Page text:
Parenting a child who is gender diverse
In this section
Understanding your child’s gender identity
Raising a child as one gender (male or female) and having them identify as another (or others) can be difficult for parents to understand.
By a very young age, most children know their gender identity and find it very difficult to think about themselves in any other way.
For other children understanding their gender identity is more complex and they may not be able to express this to you until they are much older.
Many young people who are gender diverse will feel comfortable with their gender identity and may not desire any form of intervention or transition.
Others can feel extreme distress living in the gender assigned to them at birth and wish to take steps towards more accurately expressing their true gender.
Talk to your child and ask them how they feel and what they need to ensure that you are protecting their physical and mental wellbeing.
Consider seeking professional assistance. There are many organisations that specialise in this sort of support.
My stepson suffered depression for many years and all along it was due to the fact he was transgender but didn’t feel as though he could tell anyone or articulate his confused feelings about his own sexuality.
After suffering alone for about 4 or 5 years, aged 16, he told us (his dad, mum and myself). Amazingly he went from being extremely isolated and withdrawn to being someone who is chatty and much happier!
It’s heartbreaking that he didn’t tell us earlier. We would have wholly supported him and helped in any way we could for him to feel loved, supported and not judged.
Step-parent of boy 16
Puberty and your gender diverse child
Puberty can be a particularly distressing time for a child who is transgender as their body is developing more characteristics that do not match their gender identity.
It is important that parents and children know that there are options, including counselling and medical treatment, to help a child who is distressed about these body changes.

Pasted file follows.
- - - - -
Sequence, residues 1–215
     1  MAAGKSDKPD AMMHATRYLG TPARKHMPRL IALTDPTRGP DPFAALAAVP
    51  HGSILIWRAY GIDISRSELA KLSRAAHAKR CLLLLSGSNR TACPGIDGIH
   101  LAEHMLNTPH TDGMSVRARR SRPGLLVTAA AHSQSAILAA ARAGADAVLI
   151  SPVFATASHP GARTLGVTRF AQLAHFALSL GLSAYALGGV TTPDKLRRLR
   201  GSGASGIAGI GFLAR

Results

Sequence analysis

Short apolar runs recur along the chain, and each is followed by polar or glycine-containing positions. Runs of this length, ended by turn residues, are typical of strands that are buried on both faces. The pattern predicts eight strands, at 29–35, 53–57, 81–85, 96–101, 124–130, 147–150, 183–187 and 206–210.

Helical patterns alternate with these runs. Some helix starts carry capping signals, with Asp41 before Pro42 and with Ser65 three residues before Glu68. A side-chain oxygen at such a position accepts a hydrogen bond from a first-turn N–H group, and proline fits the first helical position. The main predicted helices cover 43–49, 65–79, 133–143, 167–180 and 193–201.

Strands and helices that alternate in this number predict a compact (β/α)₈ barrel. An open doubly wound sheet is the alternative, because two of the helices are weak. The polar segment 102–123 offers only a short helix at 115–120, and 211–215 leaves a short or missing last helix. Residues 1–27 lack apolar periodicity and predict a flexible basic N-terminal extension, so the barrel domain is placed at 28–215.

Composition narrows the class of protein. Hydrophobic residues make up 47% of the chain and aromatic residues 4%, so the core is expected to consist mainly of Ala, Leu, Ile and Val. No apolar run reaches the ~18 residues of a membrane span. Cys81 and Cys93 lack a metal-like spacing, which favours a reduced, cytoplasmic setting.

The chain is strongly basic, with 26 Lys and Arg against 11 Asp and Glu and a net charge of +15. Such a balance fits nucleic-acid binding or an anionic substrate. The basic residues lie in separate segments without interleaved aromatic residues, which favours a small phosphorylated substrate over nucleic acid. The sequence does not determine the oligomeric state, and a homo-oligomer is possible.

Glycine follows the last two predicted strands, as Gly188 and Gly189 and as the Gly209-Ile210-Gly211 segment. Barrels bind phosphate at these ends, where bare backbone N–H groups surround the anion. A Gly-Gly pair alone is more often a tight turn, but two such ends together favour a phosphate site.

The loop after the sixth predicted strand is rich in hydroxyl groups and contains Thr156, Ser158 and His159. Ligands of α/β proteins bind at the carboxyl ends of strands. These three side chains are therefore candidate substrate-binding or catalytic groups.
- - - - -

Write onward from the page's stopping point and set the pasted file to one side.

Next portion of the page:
Seeking professional help before the onset of puberty ensures you and your child have accurate information and access to services for support through this time.
Discrimination and mental wellbeing
Discrimination related to gender identity can have a significant impact on mental wellbeing.
School can be a nurturing place, and there are lots of stories of young people being supported and celebrated in their identity.
Sadly, others can experience bullying, exclusion and abuse.
The statistics are alarming! Within their lifetime...
of transgender people
have attempted suicide19
of transgender people
have self harmed19
As for every child, support is essential. See the list of services and support groups for both you and your child below.
What you can do to help
- Learn as much as you can from reliable, quality sources.
First steps: Supporting and caring for transgender children is a free booklet offers tips for parents, personal stories and how to be an ally.
- Reach out to support groups for yourself and your child:
QLife provides free LGBTI peer support via phone and webchat from 3pm to midnight every night.
TransFolk of WA is a support service for all transgender people and their loved ones in WA.
- Use your child’s preferred pronoun (he/she/they) and the name they wish to be called.
In the beginning you may find this difficult but it is one of the most basic ways to show your respect for your child’s gender identity and to maintain a positive relationship with your child.
- Talk to your child’s school, sporting clubs and interest groups about how they can support your child.
- Keep lines of communication open with your child – by talking, texting and messaging on social media.
- Perhaps seek a referral from a doctor to visit the Gender Diversity Service at Perth Children’s Hospital.
Most importantly, keep telling them you love them!